Sunday, February 17, 2008

Gestalt Psychotherap: The Empty Chair

Gestalt Psychotherapy: The Empty Chair
Theories of Counseling

This is my story in conducting my portfolio competency of counseling in mental health: Gestalt Psychotherapy “the empty chair” at my apartment in Philadelphia. My client was a 45-years old Indonesian, male who works in a paper company in Camden New Jersey. My client has been living in the United States for more than three years after working a year in Ontario Canada.
First of all, I told him that this session is about 45 minutes. He agrees and will be active and serious during this session. I ask him some question related to his relationship and problems with his friend. According to him, he is both angry at his friend and feeling guilty about his anger. He has kept his angry for more than three months. He is so angry with him since many times the friend gives formation to their boss and supervisor that he is lazy and uncooperative as teamwork.
After asking some questions, I place two chairs directly opposite to each other. I shift the client into these chairs for dialog role play; experiences conflict talking to an empty chair as if it were the person he is angry with. I said “when you sit in one chair you will be playing the role of seeker”. And when you sit in the other chair you will be playing the role of an enlightened sage. “I ask him to imagine his friend sitting in chair and tell them what he thinks. I continue: “imagine your friends in this chair (about 3 feet away), see him vividly, and talk to him about what you are feeling now”.

He begins to play the role of the seeker and express his feeling to the empty chair as if there was an enlightened sage sitting in the chair (the client express his feelings by speaking in the direction of the chair). I see the client's inner conflict emerge with increasing power as her thoughts, feelings of guilt, and bodily responses associated with anger come into awareness. I ask him to establish a dialog, to explore the internal tension. I try to pay attention to the verbal and non-verbal responses. I ask the client to act out and express some of his angry feelings. I am surprise because I see that as a seeker role (sits in the first chair), he is uncertainty, tense, curious, needy, agitated, frustrated and speaks in high tone. In contrary, when he acts as sage role (sits in the second chair) he speaks in low tone, clearly, wise, calmly, and confident. He sometimes smiles and relaxes.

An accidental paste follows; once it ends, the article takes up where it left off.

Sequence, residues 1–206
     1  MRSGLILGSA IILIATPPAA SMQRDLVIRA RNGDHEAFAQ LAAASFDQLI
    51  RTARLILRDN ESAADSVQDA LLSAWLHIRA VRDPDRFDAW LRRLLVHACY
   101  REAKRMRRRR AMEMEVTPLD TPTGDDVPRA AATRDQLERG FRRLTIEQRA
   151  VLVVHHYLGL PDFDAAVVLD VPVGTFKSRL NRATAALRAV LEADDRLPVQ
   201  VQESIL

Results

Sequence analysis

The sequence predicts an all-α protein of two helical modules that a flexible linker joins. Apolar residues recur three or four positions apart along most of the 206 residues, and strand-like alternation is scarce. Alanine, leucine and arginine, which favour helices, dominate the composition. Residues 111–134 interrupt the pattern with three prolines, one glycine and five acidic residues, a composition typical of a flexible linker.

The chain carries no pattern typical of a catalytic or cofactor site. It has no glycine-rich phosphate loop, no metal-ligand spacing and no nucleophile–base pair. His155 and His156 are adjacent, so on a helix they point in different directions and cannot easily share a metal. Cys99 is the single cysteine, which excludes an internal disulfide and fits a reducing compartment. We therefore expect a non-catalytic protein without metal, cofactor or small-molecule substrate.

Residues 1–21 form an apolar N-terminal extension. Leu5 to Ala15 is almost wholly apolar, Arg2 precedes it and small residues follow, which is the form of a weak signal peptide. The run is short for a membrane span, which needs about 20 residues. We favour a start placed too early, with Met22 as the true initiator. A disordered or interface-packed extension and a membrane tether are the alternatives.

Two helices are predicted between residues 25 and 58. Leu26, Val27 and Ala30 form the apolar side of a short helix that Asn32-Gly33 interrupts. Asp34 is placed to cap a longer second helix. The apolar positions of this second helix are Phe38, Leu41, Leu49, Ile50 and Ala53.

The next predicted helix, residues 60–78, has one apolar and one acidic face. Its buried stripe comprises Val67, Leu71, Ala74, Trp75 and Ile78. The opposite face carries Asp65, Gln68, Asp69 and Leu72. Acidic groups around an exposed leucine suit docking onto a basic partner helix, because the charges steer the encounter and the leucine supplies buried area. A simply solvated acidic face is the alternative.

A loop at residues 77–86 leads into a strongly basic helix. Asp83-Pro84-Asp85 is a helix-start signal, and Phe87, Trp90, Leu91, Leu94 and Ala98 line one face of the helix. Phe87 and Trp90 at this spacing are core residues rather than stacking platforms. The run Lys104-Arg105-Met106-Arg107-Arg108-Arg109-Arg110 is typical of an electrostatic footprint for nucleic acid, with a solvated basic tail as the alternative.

During the empty chair technique, in which an empty chair represents another person or another part of the client’s self. It emphasizes on dealing with problems in the present. The emphasis is on what is being done, thought, and felt at the moment (here and now). I agree that the empty chair technique is typically used with interpersonal problems (i.e. a client angry at someone else, feels too submissive, lonely, etc.) It is a kind of to role playing, but in this case, the client plays both roles.
In my conclusion, as a beginner, the first empty chair I conducted has been very useful and successful during working with my client. The intervention works since my client is aware of what his is doing, how he is doing it and how he can change himself. this method stimulates thinking, highlighting emotions, and attitudes. He recognizes that the conflict being explored in the external dialogue with his friend can also be understood and more effectively resolved as a reflection of a deep internal tension. At the same time he learns to accept and value himself.
By employing two chairs, I guess that the counselor may ask the client to change places as the conversation unfolds. The actual acting and movement helps the client to get in touch with deeper emotions. Moreover, the empty chair is used to transform talking about situations into ones that bring the individual into the here and now. When the client expresses a conflict with another person, through this technique, the client is directed talking to another person who is imagined to be sitting in an empty chair. This helps the client to experience and understand his feeling clearly. In my point of view, the focus of this method is more on what is happening (the moment-to-moment process) than what content is being discussed. It takes into account the whole person including thoughts, feelings, behavior, body sensations, and dreams.
I believe that the main goal of empty chair method is for the client to become aware of what they are doing, how they are doing it, and how they can change himself and, at the same time, to learn to accept and value them. The other goals are to have client express the issues and feelings he is experiencing in his relationship with his friend now, the hidden feelings perceived in the relationship, and the desired solutions to the stated situation. I think that this technique can be used not only for conflicts between individuals but also for discrepant feelings within one person. I also find that this technique can raise client’s awareness regarding how his function in his environment (i.e. friends, work, etc).
Finally, again, I find that when he sits in the first chair, he is uncertainty, tense, curious, needy, agitated, frustrated and speaks in high tone. When he sits in the second chair, he speaks clearly, low tone, wise, calmly, and confident and sometimes smiles. This experience makes me so surprise.

No comments: